Adding fluoride to drinking water in Scotland would save the NHS “a fortune” in preventing tooth decay, says a leading dental professional.

NHS Greater Glasgow and Clyde have confirmed they are considering putting fluoride in the city’s water supply.

Health boards can ask Scottish Water to introduce it if they can show the support of local communities.

Robert Donald of the British Dental Association said it would be “safe, effective and save our NHS a fortune”.

Mr Donald, chair of the BDA’s Scottish council, told the BBC’s Good Morning Scotland programme: “The safety in the science is clear-cut.

It is already present in Scotland’s water but it is not at the optimal level to reduce tooth decay.

“If we up it to the optimal level, it is safe for all ages, be they toddlers, pregnant women or care home residents.”

The chief medical officers of the four UK nations – including Scotland’s Dr Gregor Smith – all backed the move to add more of the mineral to water supplies in an evidence-based review published last September.

They said it would cut cavities by 17% among children in the wealthiest households and 28% among the poorest, and reduce hospital admissions for teeth extraction by between 45% and 68%.

A boy receives dental treatmentImage source, Getty Images, Image caption,
Almost a third of primary one schoolchildren in Scotland experience tooth decay

The review concluded “there is strong scientific evidence that water fluoridation is an effective public health intervention for reducing the prevalence of tooth decay and improving dental health equality across the UK”.

Mr Donald said recent data from Public Health England, where six million people already drink water with extra fluoride in, showed it led to a 50% reduction in dental decay for five-year-olds, particularly in deprived areas.

“This is relevant in Scotland because we had 30% of primary one kids experiencing decay in 2018,” he said.

“Dental extractions for children – there are about 2,500 on waiting lists just now – are the number one reason for hospital admissions.

“Not only is [fluoridation] effective, it can save our NHS a fortune. For every £1 spent on fluoridation, particularly in deprived areas, it can secure over £12 savings after five years, rising to nearly £22 after 10 years.

“This is due to the reduced treatment costs, and it also costs pennies per head to introduce.”

‘Entirely safe’

The move by NHS Greater Glasgow and Clyde comes more than four decades after “toothless granny” Catherine McColl won one of the longest-running civil actions in Scottish legal history, arguing Strathclyde Regional Council had exceeded its legal powers in its plan to put fluoride in residents’ water.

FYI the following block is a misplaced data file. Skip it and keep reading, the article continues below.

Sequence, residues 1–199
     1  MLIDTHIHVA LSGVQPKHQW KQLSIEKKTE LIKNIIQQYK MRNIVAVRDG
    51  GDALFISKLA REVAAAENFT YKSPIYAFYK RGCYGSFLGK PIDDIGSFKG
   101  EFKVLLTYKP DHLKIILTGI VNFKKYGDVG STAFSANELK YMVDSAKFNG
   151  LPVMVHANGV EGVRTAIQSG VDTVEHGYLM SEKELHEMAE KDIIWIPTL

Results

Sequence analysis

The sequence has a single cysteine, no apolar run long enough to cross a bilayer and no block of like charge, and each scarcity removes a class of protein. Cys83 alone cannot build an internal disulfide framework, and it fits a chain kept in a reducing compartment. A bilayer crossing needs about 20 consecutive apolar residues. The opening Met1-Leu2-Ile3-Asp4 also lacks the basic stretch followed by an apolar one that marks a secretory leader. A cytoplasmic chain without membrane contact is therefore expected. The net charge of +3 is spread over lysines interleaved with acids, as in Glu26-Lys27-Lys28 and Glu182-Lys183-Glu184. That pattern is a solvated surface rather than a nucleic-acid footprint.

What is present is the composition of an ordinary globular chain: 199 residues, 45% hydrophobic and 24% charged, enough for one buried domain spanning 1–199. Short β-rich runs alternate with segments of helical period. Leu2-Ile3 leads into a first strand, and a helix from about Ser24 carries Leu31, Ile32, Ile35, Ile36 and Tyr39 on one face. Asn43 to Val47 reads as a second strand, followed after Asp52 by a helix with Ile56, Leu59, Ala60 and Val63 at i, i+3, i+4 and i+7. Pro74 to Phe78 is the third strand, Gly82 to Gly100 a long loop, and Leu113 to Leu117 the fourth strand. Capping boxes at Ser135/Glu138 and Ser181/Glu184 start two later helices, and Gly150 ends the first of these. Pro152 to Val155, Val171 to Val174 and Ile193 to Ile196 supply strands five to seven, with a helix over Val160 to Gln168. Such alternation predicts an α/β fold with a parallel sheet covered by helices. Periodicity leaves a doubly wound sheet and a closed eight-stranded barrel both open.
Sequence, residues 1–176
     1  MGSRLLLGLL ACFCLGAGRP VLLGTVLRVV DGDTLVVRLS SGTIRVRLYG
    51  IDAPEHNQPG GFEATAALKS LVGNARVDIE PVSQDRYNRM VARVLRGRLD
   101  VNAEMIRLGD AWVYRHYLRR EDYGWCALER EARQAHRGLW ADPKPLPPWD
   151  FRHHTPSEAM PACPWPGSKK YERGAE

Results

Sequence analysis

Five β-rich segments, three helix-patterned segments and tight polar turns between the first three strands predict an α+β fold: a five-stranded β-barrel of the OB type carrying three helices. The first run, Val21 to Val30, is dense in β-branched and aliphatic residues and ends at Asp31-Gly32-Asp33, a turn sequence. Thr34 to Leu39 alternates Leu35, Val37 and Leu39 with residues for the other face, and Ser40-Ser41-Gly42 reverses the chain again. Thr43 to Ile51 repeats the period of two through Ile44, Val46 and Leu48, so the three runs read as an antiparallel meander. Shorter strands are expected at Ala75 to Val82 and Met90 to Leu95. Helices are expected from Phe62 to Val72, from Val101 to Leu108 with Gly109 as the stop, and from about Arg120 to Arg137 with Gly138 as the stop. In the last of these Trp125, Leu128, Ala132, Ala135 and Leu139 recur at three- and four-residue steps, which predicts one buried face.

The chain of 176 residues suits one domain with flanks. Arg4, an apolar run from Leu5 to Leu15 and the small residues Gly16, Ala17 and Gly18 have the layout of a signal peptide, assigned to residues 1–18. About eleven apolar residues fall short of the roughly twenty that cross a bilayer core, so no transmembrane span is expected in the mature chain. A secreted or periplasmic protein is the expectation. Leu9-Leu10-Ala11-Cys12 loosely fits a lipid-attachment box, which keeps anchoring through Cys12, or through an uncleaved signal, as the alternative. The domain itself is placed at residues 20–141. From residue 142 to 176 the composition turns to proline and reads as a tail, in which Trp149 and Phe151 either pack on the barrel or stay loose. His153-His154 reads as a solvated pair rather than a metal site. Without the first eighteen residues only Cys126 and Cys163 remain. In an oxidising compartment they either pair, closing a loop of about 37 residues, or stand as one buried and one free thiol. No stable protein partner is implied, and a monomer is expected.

The victory by Ms McColl, who died aged 97 in 2012, was hailed by supporters as a victory for ordinary citizens.

But to opponents, it was viewed as a missed opportunity to improve dental health in a region with one of the poorest records of tooth decay in Europe.

“That case was won because it was outwith the legal powers of Strathclyde Regional Council,” Mr Donald pointed out.

“Lord Jauncey, the judge in the case, rejected all the medical arguments against it, so it is entirely safe.

“It is also very effective because it reduces decay in children and consequently the pain and suffering, the misery and disfigurement caused by dental fillings and extractions.”

Gregor Smith
Image source,
Scottish government

Scotland’s chief medical officer Dr Gregor Smith is among those to back adding more fluoride to drinking water

Mr Donald dismissed as “bogus” claims that adding fluoride into drinking water could lead to an increased risk of cancer, and change the water’s taste.

“The water fluoride doesn’t taste of anything,” he added. “It is already in our water but it is at a lower level than is optimal.

“The four chief medical officers have said there is no evidence that it causes cancer or other health risks. In fact, they condemn the over-exaggerated, unevidenced claims about health risks.”

In the Scottish government’s 2018 Oral Health Improvement Plan, it noted that water fluoridisation “would make a positive contribution to improvements in oral health”.

But at the same time it said “the practicalities of implementing this means we have taken the view that alternative solutions are more achievable”.

Those include the Childsmile programme, initially designed to help children up to five develop healthy toothbrushing habits and fluoride application. It has now been extended for dentists to claim for young people up to 17.

A Scottish government spokesperson said water fluoridation legislation gives health boards the option, “where they can demonstrate the support of local communities for such a move”, to ask Scottish Water to introduce it in their area.

“No such proposals have been put to the Scottish government,” the spokesperson added.

*Original article online at